Join VARS for $50
Become a member of the Victorian Artificial Reef Society
and help us to create artificial reef dive sites in Victoria.
VARS Membership Form (Adobe PDF | 34.37 KB)
Geelong Advertiser, 8 October 2009
By Alex Oates, Geelong Advertiser
Divers eager to scour the wreckage of HMAS Canberra on the sandy floor of Bass Strait need not get too excited.
Thursday, 8 October 2009 — Experts have revealed the decommissioned Australian naval warship scuttled on Sunday is likely to be out of bounds to divers for up to a month as scuttle works and inspections are completed.
"The works are so dependent on the weather, there's a fair bit of work that has to be done," Parks Victoria maritime planning and strategy team leader David Ritman said.
"As you can appreciate, a lot of water floods into the vessel and there's a lot the clearance divers have to do. They need to check that the safety measures that have been prepared are still intact, and it's a big job."
Weather permitting, Port of Melbourne Corporation divers will visit the site to capture wreck images which will be placed on navigation charts to prevent accidents with other vessels.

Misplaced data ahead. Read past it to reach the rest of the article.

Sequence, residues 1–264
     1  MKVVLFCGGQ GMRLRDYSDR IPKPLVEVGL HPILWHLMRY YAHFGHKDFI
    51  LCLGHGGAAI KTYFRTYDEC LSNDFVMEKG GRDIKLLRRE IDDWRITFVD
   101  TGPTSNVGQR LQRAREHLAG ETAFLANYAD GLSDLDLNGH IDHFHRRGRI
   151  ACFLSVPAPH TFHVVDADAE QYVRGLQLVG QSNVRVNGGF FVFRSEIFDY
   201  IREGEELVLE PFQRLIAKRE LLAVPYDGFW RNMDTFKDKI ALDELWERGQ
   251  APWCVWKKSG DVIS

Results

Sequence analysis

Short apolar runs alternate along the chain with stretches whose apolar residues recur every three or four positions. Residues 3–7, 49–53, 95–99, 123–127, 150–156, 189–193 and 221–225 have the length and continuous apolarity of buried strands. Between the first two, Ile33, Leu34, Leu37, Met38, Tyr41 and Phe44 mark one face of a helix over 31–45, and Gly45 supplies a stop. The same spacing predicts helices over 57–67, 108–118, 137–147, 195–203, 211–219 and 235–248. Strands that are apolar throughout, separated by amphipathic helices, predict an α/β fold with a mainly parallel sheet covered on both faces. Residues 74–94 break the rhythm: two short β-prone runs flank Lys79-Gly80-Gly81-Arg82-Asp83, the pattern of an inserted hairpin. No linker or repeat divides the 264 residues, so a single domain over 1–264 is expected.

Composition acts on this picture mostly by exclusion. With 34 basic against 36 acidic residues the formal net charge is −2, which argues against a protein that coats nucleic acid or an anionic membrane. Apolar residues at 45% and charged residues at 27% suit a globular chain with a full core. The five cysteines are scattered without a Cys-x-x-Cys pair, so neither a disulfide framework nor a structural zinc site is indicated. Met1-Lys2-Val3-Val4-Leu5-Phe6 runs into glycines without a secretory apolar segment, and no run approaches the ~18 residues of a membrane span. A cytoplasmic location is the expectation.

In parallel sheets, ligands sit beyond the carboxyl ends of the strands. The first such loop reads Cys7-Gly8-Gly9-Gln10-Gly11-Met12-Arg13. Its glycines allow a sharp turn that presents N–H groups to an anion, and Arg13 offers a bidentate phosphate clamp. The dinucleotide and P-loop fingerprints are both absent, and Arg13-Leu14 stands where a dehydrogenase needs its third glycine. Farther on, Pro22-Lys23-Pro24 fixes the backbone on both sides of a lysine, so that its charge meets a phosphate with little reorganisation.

Navigation marks, also known as flashing beacons, will be installed while four moorings - two at the bow of the ship and two at the stern - will also be placed in the coming weeks.
Following works on the wreck, the Department of Defence will complete a certificate of completion, which requires a tick of approval from the State Government before the dive-site will open.
"Once the State Government has received that (certificate), Parks Victoria will make the call on when it's open," Mr Ritman said.
"I don't think we'll get it done within a month. Hopefully it will be quick, but my expectation is it won't happen until a month after the scuttling.
"We're working our bums off but there's a lot to do and it has to be done safely. The process has taken so long because it took time for divers down there to view the site."
Mr Ritman said experts remained unsure whether the vessel had landed in an upright position in Bass Strait, despite a successful scuttling.
"We haven't had the formal communication from the Department of Defence as to how the ship is sitting, so we can't verify its location at this stage," he said.
"From the imagery on TV, it was scuttling correctly, so it should sit in the right patch of sand."
The 4100-tonne, 138m guided missile frigate will soon become a much sought after dive site which Member for Bellarine Lisa Neville has described as a "new underwater wonderland".
Ms Neville said the wreck would boost the economy by bringing thousands of divers to the region.
Federal Member for Corangamite Darren Cheeseman said the wreck would attract divers from around the world.
"There has been huge investment in this. The Commonwealth has put in $5 million and the State has put in about $1.5 million on top of that," he said.
"This huge investment will help support tourism and add another reason for visitors from all over the world to come here."